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Strategies in Vocabulary Teaching and Learning
Estratgias no Ensino e na Aprendizagem de Vocabulrio

Mrcio Luiz Corra Vilaa
(UNIGRANRIO/UFF)

RESUMO:
Este artigo discute a importncia do vocabulrio na aprendizagem de uma
lngua estrangeira e apresenta estratgias bsicas que podem ajudar alunos e
professores na difcil tarefa de ensinar e aprender vocabulrio. Embora os
exemplos tenham como foco a lngua inglesa como lngua-alvo, as estratgias
podem ser facilmente aplicadas a diferentes idiomas.

Palavras Chave: vocabulrio, estratgia, metodologia, ensino



ABSTRACT:
This article discusses the importance of vocabulary in foreign language learning
and presents key strategies which can help students and teachers in the hard
task of learning and teaching vocabulary. Although the examples focus on
English as the target language, the strategies can be easily applied to different
languages.

Keywords: vocabulary, strategies, methodology, teaching









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Words are the basic of language, and thus the basic of
communication. Without words, it is possible to know
everything about the grammatical structure of a language, but
yet to be unable to make a single utterance. (Bowen & Marks,
2002, p. 106)

1- Introduction

Learning a foreign language involves the development of different skills
such as reading, writing, listening and speaking. Although specific skills may be
focused on separately for pedagogical reasons, two elements are crucial to the
process of acquiring and using a language: vocabulary and grammar(CELCE-
MURCIA, 2001). The importance of grammar has been widely recognized in
ELT(English Language Teaching) methodologies(CELCE-MURCIA, 2001;
NUNAN, 2001; SWAN, 2002). This situation seems to be a little different with
vocabulary. In comparison to other fields of research in language learning, it is
possible to state that vocabulary teaching/learning has been left to a position of
secondary importance (RICHARDS & RENANDYA, 2002). According to
DeCarrico(2001: 285), vocabulary has not always been recognized as a
priority in language teaching.
If a teacher asks foreign language students what a language is made of,
the answer would probably be grammar and vocabulary. This answer would
reflect the popular view of language as a system made of rules and structures
(grammar) and words (vocabulary). This hypothetical answer would be
considered too simplistic, but it emphasizes the key role of vocabulary in
communication.
In the context of English teaching as a foreign language, some questions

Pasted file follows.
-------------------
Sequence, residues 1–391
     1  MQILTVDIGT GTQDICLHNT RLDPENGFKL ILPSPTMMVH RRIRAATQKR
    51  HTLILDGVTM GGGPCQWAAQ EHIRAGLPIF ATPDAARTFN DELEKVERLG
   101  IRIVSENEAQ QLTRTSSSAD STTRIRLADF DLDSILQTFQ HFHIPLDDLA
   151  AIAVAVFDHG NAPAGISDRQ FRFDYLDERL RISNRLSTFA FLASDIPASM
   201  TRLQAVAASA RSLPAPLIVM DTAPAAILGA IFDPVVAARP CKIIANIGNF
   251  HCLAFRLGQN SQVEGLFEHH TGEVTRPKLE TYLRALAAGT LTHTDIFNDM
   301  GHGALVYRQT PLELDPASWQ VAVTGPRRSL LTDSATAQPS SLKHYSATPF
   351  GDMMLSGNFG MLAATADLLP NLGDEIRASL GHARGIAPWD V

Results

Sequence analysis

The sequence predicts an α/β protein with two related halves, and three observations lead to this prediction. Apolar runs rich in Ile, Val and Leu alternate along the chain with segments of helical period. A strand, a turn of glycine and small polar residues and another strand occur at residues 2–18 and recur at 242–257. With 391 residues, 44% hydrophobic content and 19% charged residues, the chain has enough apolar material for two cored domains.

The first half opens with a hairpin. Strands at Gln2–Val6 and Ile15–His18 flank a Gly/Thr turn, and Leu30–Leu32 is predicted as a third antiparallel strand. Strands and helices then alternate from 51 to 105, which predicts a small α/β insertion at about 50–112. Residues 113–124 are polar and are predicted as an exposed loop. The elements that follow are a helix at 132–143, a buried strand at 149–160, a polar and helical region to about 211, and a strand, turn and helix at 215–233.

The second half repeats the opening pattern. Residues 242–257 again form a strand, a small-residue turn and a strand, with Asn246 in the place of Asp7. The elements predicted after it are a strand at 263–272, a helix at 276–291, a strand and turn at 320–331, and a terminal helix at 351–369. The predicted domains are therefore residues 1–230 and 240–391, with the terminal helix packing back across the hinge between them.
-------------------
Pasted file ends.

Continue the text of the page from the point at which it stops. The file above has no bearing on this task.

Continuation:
are relevant: What is the role of vocabulary in the process of English learning? ;
How can vocabulary be taught? ; How can teachers develop effective
vocabulary teaching strategies?.
Foreign language teachers have the difficult task of teaching vocabulary. If
we estimate that students can learn about ten new words every class, they
would learn between 3200 and 3500 words in four years of study. It may be a
considerable achievement but some students may need a larger vocabulary to

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speak, write and read in English in several different situations and contexts.
Another question arises: Is it possible to accelerate vocabulary learning?
This article aims at discussing some key strategies in vocabulary
teaching and learning.

2- Variation in vocabulary use

How many words do we need to learn in a foreign language? This
question has no easy answer. Some dictionaries present from 1000 up to 3500
words as key, basic or defining vocabulary. However, this defining vocabulary
does not represent the basic words in a language. In general, these are the
words used in the definitions of all others. Some books teach from 800 up to
3500 words as the most frequently used ones. As studies have discussed
(HUNT AND BEGLAR, 2002; CARTER, 2004), these basic items will vary a lot,
depending on the use of the language and on the variety of interactions and
topics involved. Hunt and Beglar (2002), for example, point out that authors and
researchers usually estimate up to 5000 high-frequency words for a successful
academic use of the English language. It is important to highlight, however, that
academic topics differ from other topics, such as politics, economy, law, and
medicine. This discussion reveals the complexity of teaching vocabulary.